Item description for A Pragmatic Introduction to the Finite Element Method for Thermal And Stress Analysis by Petr Krysl, Richard L. Pratt, Jr., Robert Kolb, John D. Castelein, Saray Ayala, William Link & Sylvia Yount...
This textbook provides an accessible and self-contained description of the Galerkin finite element method for the two important models of continuum mechanics, transient heat conduction and elastodynamics, from formulation of the governing equations to implementation in Matlab. The coverage follows an intuitive approach: the salient features of each initial boundary value problem are reviewed, including a thorough description of the boundary conditions; the method of weighted residuals is applied to derive the discrete equations; and clear examples are introduced to illustrate the method.
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Studio: World Scientific Publishing Company
Est. Packaging Dimensions: Length: 0.75" Width: 6" Height: 9" Weight: 1.2 lbs.
Release Date Oct 23, 2006
Publisher World Scientific Publishing Company
ISBN 981256876X ISBN13 9789812568762
Availability 0 units.
More About Petr Krysl, Richard L. Pratt, Jr., Robert Kolb, John D. Castelein, Saray Ayala, William Link & Sylvia Yount
Reviews - What do customers think about A Pragmatic Introduction to the Finite Element Method for Thermal And Stress Analysis?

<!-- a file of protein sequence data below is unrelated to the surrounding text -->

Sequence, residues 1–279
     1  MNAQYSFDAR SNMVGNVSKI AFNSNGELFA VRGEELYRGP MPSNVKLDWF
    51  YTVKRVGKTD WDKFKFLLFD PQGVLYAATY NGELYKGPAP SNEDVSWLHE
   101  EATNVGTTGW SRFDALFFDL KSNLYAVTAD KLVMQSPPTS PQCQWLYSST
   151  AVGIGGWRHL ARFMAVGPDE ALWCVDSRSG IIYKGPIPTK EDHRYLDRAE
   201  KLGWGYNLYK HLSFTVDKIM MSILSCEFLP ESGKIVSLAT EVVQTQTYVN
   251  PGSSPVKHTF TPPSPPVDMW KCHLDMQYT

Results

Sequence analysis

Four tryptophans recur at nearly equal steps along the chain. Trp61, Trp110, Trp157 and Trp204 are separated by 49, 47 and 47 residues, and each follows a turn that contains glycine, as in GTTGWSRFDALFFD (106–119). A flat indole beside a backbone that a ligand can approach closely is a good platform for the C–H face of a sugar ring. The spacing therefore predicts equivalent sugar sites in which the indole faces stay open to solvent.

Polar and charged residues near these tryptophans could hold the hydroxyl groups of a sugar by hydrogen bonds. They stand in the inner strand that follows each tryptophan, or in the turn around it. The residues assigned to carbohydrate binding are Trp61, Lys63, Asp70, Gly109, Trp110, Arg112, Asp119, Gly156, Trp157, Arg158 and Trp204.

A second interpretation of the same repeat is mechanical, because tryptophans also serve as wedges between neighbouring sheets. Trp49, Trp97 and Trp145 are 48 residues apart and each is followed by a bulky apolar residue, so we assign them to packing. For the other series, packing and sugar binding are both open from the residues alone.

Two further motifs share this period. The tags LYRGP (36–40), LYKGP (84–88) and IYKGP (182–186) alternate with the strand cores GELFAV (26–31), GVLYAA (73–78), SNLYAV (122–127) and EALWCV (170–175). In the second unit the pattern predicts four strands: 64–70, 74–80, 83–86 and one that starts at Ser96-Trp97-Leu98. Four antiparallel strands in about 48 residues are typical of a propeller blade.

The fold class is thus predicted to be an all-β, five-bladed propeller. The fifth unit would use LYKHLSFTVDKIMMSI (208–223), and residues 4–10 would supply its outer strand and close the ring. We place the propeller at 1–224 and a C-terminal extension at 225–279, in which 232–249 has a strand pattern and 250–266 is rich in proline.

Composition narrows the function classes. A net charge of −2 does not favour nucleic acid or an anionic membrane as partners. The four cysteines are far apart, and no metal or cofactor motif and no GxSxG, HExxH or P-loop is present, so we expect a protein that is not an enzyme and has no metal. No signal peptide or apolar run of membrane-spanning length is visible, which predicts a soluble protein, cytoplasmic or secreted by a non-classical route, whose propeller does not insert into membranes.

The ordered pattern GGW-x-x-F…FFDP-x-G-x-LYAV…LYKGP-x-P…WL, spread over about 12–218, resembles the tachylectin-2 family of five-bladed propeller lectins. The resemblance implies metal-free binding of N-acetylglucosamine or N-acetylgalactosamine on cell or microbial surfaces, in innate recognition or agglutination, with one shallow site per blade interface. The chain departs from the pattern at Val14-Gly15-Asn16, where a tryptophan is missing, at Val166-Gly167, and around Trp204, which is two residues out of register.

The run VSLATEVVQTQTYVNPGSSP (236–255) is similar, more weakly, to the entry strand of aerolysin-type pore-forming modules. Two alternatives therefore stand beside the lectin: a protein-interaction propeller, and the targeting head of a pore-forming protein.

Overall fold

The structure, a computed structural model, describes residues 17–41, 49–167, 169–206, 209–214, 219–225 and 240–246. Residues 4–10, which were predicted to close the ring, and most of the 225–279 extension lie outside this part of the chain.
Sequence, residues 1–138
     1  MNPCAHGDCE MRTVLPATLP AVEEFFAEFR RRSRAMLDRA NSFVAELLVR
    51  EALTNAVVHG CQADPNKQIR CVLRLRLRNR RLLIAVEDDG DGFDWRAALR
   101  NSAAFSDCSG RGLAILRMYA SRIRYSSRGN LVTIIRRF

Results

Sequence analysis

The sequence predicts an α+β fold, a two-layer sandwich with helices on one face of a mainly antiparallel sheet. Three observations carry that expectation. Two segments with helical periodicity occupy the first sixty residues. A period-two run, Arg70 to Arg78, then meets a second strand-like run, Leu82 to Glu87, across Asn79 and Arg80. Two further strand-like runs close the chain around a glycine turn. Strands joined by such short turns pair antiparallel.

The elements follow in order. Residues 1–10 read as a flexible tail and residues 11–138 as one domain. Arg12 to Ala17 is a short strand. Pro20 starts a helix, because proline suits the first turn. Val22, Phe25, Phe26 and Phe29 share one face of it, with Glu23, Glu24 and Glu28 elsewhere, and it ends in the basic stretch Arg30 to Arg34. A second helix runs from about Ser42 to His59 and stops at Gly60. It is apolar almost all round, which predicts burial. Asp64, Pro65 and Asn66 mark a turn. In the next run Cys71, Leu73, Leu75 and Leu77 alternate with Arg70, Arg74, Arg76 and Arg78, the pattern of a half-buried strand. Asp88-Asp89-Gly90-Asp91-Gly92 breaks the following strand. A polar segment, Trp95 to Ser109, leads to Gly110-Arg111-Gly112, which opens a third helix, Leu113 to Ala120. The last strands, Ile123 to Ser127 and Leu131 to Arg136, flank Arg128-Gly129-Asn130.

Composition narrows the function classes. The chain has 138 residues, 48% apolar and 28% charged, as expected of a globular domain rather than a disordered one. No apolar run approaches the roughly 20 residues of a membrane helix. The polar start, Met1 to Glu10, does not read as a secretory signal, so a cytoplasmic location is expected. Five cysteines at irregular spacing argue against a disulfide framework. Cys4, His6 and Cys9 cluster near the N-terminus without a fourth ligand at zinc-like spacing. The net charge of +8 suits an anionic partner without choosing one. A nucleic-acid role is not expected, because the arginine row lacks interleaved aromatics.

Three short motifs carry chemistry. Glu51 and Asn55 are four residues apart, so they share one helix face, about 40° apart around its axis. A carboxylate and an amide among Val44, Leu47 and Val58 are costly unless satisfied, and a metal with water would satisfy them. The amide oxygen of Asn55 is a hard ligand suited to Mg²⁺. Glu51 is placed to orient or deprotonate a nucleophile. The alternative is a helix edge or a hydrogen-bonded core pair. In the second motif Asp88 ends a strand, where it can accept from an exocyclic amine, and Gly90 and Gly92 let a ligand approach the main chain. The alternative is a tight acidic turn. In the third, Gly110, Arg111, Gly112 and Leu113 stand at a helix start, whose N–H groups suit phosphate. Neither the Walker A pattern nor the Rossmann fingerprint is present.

Very well written for intermediate FEA users and the free code produce commercial packages results. Jan 17, 2009
I have been trying out many Finite Element Analysis (FEA) code and I have found SOFEA by accident. I have gone through some of the examples and found the results produced are very close to commercial package ANSYS. The step by step approach is very self explanatory. I managed to learn a lot more about FEA. However, I do recommend that you have some basic knowledge about MATLAB and little bit about programming before you can understand the code. Hope there is 2nd edition with a lot more examples. =)
Does not have any examples Nov 29, 2008
The book is too narrow for a complex subject like FEM, it does not include good examples that can be used to complete the exercises at the end of the chapters, on top of that the book doesn't have any solutions, so there is no way to know if what you are doing is right or wrong. The SOFEA codes hardly run without modifications, if you are not a Matlab expert and do not understand the functions present in SOFEA you are doom, nothing is intuitive!
Don't waste your money on this if you are just starting with FEM!!!!!
Making sense of FEA internals. Jul 18, 2008
So far, the SOFEA is the best MatLab code I've seen. Petr Krysl's book is done exceptionally well. His explanation is different from most and mentions several views or approaches to developing the FEA environment. Petr Krysl has a good eye for developing the presentation of a very difficult topic. In fact, this is the only one I've seen that takes the surface tensor approach up-front for evolving the theory. His commentary, after having seen/read many different approaches explaining it, instantly made the topic seem so much clearer. He acknowledges that the approach is known as the "Galerkin Method." I had, of course, seen the method covered in several other texts and courses but its coverage was so limited that I was just not able to "connect the dots." What I like about the approach is it does not need to invent "artificial" analogies trying to tie the pieces together. Read the lead in of the Galerkin Method (Chap 1&2) twice, skim through the thermal, and then hit the meat of it all at least twice!! Bed time reading? - No way!! Have MatLab all fired up and ready to go for each elements test suite. It's the easiest way to grasp/learn MatLab and his code all at the same time. Too bad it's not the Xmas break; I'd use it as my annual self-training emersion course.